EPL

Liverpool assistant Lijnders excited by Elliott's comeback

By Sports Desk January 19, 2022

Liverpool assistant manager Pep Lijnders has expressed his excitement at Harvey Elliott's return to full training, saying that the youngster "didn't lose his football brain."

Elliott has been out of action since September, having dislocated his ankle in a 3-0 Leeds United. The teenager had played in all four of Liverpool's previous games this season.

The 18-year-old returned to full training earlier this week and Lijnders smiled as he was asked about the former Fulham player at a news conference ahead of Liverpool's EFL Cup semi-final second leg at Arsenal.

"Let me say it like this, he didn't lose his football brain," Lijnders said, though he did not put a timescale on Elliott's return to match action.

"He shows immediately what he's about. It would be a crime if you would not play him if he trains like this, but we know it's just the start of the team training. He needs time and we go step by step, of course.

"Some players they never knock on the door, they run through it – and he's one of them."

Elliott, the youngest ever Premier League player, returned to Merseyside at the end of last season having enjoyed a productive loan spell at Championship side Blackburn Rovers, where he registered the joint-third most assists in the division (11), behind only Emiliano Buendia (16) and Michael Olise (12), who is now playing a starring role for Crystal Palace.

He was also the only player in the Championship to register as many as three second assists – which Opta defines as a pass/cross that is instrumental in creating a goal-scoring opportunity – and was eighth overall for successful passes into the final third (519), ahead of the likes of Olise (495), Leicester City's Kiernan Dewsbury-Hall (478 while on loan at Luton Town) and Tottenham's Oliver Skipp (441 while on loan at Norwich City).

In his three Premier League starts and one substitute appearance this season before his injury, Elliott created five chances, more than team-mate Curtis Jones (three) has in his four starts and three appearances from the bench, and won possession in the middle third of the pitch (17) more often than Jones (11) and even Alex Oxlade-Chamberlain (12) despite the former Arsenal man making 15 league appearances, seven of which have been starts.

Lijnders also had words of praise for Liverpool's opponents on Thursday, crediting the work that Mikel Arteta has done since taking charge of Arsenal just over two years ago and noting how well the Gunners played in the goalless first leg at Anfield despite going down to 10 men in the first half when Granit Xhaka was sent off.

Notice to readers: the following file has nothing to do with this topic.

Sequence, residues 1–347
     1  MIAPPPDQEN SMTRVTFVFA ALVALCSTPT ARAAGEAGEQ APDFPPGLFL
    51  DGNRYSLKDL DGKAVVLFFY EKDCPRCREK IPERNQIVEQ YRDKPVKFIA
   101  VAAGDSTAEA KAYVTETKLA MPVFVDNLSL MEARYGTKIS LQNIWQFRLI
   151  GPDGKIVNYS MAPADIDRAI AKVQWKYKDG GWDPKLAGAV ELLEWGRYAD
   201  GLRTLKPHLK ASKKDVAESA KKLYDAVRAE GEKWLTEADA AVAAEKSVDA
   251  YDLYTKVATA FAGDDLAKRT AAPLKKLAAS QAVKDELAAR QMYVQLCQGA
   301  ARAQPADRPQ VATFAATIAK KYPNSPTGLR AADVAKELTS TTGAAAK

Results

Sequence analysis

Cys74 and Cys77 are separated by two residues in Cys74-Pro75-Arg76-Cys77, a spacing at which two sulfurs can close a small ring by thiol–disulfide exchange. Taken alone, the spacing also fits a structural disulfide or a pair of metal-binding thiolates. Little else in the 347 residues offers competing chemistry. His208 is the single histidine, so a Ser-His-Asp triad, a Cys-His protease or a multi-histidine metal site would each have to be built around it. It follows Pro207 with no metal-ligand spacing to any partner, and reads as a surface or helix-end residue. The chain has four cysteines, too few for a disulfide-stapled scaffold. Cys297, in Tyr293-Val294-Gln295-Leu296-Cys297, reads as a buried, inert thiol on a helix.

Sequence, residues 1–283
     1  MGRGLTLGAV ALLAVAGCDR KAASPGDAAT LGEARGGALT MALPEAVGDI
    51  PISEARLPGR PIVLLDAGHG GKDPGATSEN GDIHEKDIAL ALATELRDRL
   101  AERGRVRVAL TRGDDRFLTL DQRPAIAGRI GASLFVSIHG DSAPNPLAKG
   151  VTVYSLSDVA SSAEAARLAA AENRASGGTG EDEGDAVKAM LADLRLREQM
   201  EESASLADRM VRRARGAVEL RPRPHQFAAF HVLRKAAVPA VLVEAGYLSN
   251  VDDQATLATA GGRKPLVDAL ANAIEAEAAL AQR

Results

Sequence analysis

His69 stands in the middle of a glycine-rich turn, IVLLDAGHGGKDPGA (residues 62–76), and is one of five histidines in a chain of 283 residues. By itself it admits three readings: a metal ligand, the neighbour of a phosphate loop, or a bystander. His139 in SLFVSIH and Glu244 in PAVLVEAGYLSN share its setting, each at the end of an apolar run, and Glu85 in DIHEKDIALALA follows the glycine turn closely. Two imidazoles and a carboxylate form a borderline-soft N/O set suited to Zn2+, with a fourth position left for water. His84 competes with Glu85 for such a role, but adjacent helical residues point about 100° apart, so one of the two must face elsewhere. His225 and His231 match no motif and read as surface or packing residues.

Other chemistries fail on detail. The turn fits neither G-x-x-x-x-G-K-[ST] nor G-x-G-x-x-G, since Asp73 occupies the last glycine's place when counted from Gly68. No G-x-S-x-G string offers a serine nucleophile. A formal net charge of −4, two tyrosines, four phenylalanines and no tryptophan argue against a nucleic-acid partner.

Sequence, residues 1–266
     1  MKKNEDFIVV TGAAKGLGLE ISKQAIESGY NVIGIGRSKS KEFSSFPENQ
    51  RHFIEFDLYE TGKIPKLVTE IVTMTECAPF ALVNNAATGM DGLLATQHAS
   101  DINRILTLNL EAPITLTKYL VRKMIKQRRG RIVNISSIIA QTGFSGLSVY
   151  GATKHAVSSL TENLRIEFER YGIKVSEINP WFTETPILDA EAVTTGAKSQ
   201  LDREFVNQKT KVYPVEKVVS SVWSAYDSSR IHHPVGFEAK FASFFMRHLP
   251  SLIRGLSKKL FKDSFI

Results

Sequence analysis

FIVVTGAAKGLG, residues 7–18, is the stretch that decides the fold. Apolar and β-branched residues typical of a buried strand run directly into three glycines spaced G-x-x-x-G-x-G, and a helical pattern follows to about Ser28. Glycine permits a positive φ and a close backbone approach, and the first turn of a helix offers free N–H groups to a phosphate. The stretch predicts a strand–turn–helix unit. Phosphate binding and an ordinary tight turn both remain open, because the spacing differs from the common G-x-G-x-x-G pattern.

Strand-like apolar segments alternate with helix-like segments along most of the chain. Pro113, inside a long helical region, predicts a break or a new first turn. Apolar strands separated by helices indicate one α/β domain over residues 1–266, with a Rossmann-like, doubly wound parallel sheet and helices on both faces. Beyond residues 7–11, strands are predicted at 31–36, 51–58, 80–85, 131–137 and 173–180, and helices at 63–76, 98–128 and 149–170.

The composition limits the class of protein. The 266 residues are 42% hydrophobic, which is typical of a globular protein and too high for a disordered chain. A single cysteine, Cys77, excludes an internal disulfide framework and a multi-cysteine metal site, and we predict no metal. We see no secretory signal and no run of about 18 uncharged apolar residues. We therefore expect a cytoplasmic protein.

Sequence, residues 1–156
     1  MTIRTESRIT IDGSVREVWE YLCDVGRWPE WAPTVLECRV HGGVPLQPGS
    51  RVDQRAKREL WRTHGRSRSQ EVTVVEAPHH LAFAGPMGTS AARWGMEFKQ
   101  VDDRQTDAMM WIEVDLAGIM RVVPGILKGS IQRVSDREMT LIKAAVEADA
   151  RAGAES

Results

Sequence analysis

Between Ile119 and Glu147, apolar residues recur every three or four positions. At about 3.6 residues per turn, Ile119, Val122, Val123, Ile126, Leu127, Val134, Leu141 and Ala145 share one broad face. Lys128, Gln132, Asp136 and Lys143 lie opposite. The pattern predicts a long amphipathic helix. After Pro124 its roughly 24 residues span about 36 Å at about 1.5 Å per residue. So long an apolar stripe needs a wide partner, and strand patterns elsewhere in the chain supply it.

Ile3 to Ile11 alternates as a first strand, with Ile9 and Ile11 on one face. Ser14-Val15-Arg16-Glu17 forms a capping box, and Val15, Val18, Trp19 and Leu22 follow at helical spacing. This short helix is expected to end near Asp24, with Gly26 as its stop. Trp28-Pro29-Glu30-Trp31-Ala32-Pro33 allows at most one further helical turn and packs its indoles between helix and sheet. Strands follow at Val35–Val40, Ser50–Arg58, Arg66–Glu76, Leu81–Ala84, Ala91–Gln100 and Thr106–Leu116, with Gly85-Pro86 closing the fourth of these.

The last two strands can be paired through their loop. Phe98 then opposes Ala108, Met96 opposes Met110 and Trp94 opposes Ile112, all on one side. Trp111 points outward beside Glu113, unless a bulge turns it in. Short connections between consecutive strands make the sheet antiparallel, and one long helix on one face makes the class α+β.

Arteta, too, has been happy to utilise younger players as he continues to freshen up Arsenal's squad.

"First of all, Arsenal always had really good players but, for me, they have a really good team at this moment," Lijnders added. "I think credit to Mikel, they matured.

"You see many games where the team with 10 men plays better than the 11 – not play better but they give just this extra step, they give this extra [bit] more because they know they have one player less. What happens many times with the 11 players is that they do one thing less because they know they have one player more. That's exactly what happened.

"Anyway, what I like about the Arsenal game is that we wanted to surprise them with our intensity and that's what we did until Xhaka went off.

"I really think that in football the only advantage exists if you go to the last minute of the game, to be honest. Before that, it's quite even. I think Mikel did an unbelievable job. The team is a proper team.

"They were struggling as well with injuries and, how you said, COVID cases and they had to change as well in the last minute, but if you can play with 10 men like that then you have a mature and good team."

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    Eintracht Frankfurt boss Oliver Glasner believes his side cannot reach a higher level, despite their Europa League final win over Rangers on Wednesday ensuring Champions League football next season.

    Glasner was full of praise for his side, who battled from a goal down following Joe Aribo's 57th minute opener for Rangers to equalise via Rafael Borre and force extra-time at 1-1, before claiming a 5-4 penalty shootout win.

    With the Europa League triumph, Eintracht will play in Europe's premier cup competition for the first time since 1960 - where they eventually lost 7-3 in the final to Real Madrid – despite finishing 11th in the Bundesliga this season.

    According to Glasner however, his side's mentality is already that of a top team and as a result, he did not have to provide much instruction during intervals as the match progressed.

    "No, there is next level, it's impossible," Glasner said post-match. "I have to say a bit more about that. This year started difficult, but the players kept believing in themselves, what we told them, what we trained.

    "That shows the character, mentality they have. The spirit developed, today we had players who weren’t eligible for Europe but they were never negative, they were not selfish, they did everything for success. That's why I wasn’t surprised that even when it was difficult, our fans were louder than Rangers' and they pushed us forward."